Cannibalism and intraguild predation (IGP) are common amongst freshwater amphipod crustacean aswsemblages, particularly between individuals of different body size, with IGP of smaller by larger species. The decline of Gammarus tigrinus Populations in mainland Europe has been accompanied by the arrival of the Ponto-Caspian invader Dikerogammarus villosus and previous studies have implicated IGP of G. tigrinus by the larger D. villosus as the principal driving force in this replacement. We examined how factors such as microhabitat and body size may mediate both cannibalism within G. tigrinus populations and IGP by D. villosus and thus contribute to field patterns of coexistence and exclusion. A field Survey of an invaded Dutch fake indicated that G. tigrinus and D. villosus differed in distribution. with D. villosus being the numerically dominant amphipod (80-96 %) on the rocky boulder Substrate of the shoreline and G. tigrinus being the dominant amphipod (100 %) in the crushed shell/sand matrix immediately adjacent to this. Laboratory microcosm experiments indicated that G. tigrinus cannibalism, particularly of smaller by larger size classes, may be common. In addition, although D. villosus predation of all G. tigrinus size classes was extreme, the smallest size classes Suffered the highest predation. Indeed, when exposed to D. villosus, predation of larger G. tigrinus was lowest when smaller G. tigrinus were also present. Increasing microhabitat complexity from a simple bare substrate littered with Dreissena polymorpha zebra mussels to a Crushed shell/sand matrix significantly reduced both cannibalism and IGP. Our Study emphasizes the need to consider both life history stages and habitat template, when considering the impacts of biotic interactions and it also emphasizes that complex, interacting factors may be mediating the range expansion of D. villosus.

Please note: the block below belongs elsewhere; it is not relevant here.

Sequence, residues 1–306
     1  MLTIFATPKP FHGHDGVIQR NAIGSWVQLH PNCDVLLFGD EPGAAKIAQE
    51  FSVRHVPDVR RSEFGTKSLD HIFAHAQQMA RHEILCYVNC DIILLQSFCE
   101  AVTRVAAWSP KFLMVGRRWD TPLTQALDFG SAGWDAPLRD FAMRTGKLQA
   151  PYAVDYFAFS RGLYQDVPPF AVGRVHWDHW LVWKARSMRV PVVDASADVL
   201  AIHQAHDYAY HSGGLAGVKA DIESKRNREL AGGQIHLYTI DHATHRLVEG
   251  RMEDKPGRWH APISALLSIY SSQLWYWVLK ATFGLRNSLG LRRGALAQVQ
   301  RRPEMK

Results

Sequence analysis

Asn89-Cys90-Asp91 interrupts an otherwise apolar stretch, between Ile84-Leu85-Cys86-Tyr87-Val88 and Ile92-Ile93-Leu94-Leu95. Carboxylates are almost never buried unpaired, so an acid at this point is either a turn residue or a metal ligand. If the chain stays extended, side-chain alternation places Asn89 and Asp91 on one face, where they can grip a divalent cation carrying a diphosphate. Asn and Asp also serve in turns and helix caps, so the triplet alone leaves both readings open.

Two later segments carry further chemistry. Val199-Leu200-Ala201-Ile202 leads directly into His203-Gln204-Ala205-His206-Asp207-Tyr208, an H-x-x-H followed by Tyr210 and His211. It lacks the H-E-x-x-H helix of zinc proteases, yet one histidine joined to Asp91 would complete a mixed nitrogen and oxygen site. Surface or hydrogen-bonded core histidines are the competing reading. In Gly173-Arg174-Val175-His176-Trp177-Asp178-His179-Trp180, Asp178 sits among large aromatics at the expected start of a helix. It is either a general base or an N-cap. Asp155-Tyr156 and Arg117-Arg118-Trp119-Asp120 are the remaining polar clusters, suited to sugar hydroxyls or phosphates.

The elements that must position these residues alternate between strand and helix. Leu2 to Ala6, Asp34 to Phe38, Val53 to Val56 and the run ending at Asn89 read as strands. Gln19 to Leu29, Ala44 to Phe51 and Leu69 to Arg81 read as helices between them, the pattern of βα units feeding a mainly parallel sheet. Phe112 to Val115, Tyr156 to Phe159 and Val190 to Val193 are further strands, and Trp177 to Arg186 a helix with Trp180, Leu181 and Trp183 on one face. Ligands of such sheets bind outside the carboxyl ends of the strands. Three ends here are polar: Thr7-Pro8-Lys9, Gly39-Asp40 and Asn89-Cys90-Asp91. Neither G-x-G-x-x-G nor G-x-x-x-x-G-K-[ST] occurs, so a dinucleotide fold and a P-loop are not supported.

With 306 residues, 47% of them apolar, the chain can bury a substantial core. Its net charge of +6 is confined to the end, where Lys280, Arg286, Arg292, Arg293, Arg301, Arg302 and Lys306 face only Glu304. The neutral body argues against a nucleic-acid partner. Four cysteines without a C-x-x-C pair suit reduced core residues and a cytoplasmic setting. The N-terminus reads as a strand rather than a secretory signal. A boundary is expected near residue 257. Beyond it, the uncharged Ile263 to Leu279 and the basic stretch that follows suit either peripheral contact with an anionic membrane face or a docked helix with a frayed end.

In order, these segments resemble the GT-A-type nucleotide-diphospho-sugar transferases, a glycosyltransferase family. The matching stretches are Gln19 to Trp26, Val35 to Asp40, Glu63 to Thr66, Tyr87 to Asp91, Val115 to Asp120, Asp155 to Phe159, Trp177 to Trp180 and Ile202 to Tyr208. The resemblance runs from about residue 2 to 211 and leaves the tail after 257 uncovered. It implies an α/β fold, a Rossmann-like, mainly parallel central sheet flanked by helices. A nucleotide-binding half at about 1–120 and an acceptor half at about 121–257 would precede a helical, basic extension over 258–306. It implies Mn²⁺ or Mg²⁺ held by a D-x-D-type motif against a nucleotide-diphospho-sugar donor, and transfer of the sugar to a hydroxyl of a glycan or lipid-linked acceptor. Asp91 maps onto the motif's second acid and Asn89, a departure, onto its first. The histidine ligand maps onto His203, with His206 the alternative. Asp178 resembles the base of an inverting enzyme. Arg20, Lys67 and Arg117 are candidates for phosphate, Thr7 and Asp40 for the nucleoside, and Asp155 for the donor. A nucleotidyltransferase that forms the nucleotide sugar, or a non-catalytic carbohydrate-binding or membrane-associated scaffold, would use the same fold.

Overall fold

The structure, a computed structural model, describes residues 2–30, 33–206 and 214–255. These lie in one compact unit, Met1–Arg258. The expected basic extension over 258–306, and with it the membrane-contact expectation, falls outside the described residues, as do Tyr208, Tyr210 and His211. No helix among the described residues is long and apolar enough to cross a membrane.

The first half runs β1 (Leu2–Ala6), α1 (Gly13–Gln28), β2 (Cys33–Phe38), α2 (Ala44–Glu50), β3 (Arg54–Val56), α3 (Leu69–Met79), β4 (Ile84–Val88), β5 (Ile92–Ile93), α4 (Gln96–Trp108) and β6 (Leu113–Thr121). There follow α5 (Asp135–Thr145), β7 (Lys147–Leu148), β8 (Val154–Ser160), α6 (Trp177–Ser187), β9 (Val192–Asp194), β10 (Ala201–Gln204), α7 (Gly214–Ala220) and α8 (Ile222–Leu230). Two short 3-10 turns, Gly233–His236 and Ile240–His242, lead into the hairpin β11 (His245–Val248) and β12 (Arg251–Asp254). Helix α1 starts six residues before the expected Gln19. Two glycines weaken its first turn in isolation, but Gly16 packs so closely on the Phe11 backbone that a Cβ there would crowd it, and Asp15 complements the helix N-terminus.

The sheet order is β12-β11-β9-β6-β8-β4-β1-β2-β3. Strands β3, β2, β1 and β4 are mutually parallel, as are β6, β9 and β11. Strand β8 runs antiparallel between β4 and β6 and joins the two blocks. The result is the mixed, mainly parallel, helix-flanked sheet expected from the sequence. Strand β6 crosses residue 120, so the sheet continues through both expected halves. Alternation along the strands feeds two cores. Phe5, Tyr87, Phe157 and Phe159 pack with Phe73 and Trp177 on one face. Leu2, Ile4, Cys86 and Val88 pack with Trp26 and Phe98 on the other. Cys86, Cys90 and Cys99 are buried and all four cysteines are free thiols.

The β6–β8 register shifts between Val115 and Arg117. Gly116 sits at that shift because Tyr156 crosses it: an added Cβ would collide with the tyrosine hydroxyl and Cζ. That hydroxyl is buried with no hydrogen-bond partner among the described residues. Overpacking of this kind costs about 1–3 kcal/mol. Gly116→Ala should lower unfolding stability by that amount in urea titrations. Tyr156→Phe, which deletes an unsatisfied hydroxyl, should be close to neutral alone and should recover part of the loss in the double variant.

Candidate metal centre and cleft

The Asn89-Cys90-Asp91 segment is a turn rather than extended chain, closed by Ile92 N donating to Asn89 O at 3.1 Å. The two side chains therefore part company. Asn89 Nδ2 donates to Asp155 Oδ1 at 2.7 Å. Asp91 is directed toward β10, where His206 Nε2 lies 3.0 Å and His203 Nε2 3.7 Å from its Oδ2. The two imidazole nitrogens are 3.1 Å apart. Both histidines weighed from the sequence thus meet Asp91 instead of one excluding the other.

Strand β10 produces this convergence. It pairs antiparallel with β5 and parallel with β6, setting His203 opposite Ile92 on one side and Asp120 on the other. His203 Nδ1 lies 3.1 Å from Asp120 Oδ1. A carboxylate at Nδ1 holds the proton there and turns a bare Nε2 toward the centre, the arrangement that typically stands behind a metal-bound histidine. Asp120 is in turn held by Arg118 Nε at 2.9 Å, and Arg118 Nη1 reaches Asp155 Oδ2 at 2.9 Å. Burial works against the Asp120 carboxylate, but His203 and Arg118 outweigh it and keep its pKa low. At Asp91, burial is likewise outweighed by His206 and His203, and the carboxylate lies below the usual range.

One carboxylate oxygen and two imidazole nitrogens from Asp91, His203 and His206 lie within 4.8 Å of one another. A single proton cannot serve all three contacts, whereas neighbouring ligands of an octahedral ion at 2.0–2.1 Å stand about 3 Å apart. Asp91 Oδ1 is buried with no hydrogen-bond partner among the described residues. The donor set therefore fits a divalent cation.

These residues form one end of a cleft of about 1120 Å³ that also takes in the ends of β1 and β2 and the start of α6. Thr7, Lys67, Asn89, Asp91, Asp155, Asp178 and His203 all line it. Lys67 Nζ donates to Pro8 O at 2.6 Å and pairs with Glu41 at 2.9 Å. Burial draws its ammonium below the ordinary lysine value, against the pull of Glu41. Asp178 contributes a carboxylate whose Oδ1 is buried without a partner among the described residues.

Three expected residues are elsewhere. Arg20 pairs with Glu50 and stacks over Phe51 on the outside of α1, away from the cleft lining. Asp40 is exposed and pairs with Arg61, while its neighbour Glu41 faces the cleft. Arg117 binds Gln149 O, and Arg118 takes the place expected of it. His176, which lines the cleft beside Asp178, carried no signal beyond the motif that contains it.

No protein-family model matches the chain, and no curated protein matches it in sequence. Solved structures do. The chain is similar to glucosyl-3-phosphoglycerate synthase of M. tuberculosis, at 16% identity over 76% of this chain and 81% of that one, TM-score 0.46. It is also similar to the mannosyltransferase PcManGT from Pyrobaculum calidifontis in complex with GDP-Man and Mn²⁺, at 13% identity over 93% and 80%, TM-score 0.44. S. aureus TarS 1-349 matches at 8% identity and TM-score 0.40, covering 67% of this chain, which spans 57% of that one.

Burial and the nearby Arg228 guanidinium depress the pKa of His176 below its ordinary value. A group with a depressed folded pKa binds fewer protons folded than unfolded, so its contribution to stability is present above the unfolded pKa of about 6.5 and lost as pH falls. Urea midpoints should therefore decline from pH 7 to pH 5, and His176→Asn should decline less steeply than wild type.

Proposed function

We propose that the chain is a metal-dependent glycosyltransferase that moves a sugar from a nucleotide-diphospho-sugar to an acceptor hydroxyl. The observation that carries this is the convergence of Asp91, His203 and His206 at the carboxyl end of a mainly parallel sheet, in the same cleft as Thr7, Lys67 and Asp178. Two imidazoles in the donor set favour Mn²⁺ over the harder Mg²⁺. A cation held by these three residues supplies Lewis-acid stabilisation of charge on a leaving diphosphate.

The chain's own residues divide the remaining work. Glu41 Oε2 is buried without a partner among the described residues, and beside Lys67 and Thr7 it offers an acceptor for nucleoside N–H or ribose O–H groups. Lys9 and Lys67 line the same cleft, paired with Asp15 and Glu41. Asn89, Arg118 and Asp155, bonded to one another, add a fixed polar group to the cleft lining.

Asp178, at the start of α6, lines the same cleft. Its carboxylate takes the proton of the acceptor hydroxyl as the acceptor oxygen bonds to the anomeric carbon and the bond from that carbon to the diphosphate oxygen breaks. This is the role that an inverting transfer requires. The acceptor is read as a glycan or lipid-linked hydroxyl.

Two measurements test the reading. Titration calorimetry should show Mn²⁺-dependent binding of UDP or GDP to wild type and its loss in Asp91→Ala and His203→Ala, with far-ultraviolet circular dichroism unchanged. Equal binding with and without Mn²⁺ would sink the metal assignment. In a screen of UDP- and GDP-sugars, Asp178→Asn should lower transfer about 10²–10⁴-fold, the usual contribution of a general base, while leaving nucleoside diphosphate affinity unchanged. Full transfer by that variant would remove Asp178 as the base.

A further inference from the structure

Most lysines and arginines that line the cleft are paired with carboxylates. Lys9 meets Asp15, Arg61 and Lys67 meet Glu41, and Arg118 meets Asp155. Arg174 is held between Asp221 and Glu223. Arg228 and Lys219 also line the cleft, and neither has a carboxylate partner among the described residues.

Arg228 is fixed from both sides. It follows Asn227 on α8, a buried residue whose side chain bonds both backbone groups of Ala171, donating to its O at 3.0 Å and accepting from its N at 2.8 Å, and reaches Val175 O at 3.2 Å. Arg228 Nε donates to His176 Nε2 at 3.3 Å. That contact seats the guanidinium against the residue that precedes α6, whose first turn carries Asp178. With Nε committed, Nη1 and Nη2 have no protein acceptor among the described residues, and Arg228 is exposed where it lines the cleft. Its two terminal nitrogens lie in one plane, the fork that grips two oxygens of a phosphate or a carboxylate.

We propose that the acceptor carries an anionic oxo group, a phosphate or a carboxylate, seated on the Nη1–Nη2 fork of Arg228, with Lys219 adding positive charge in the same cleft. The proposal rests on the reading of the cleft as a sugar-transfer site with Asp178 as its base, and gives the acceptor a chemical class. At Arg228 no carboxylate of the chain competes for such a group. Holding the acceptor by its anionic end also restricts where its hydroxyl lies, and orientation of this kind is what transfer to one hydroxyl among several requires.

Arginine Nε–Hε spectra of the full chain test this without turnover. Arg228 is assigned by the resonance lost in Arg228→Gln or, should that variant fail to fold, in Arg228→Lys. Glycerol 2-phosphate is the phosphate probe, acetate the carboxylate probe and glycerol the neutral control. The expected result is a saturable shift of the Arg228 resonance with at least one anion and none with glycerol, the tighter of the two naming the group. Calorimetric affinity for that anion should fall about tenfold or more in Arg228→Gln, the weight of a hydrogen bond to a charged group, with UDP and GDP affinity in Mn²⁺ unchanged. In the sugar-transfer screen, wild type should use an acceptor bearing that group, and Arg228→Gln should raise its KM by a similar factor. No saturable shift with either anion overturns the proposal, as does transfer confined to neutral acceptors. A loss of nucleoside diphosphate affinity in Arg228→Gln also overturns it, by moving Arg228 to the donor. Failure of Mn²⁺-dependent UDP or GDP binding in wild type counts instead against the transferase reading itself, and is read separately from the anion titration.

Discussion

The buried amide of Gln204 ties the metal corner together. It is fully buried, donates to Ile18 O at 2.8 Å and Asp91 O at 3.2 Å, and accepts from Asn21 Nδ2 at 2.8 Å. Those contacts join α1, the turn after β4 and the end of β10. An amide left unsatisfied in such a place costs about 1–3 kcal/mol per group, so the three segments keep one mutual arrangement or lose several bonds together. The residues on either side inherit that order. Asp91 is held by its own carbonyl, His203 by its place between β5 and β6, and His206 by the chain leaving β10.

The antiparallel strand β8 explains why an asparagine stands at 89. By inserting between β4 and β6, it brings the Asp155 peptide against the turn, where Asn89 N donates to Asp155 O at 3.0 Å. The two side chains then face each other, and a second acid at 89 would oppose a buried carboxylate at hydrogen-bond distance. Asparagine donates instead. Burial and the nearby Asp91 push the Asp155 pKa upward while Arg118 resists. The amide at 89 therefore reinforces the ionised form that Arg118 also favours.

ASJC Scopus subject areas
- Aquatic Science
- Ecology, Evolution, Behavior and Systematics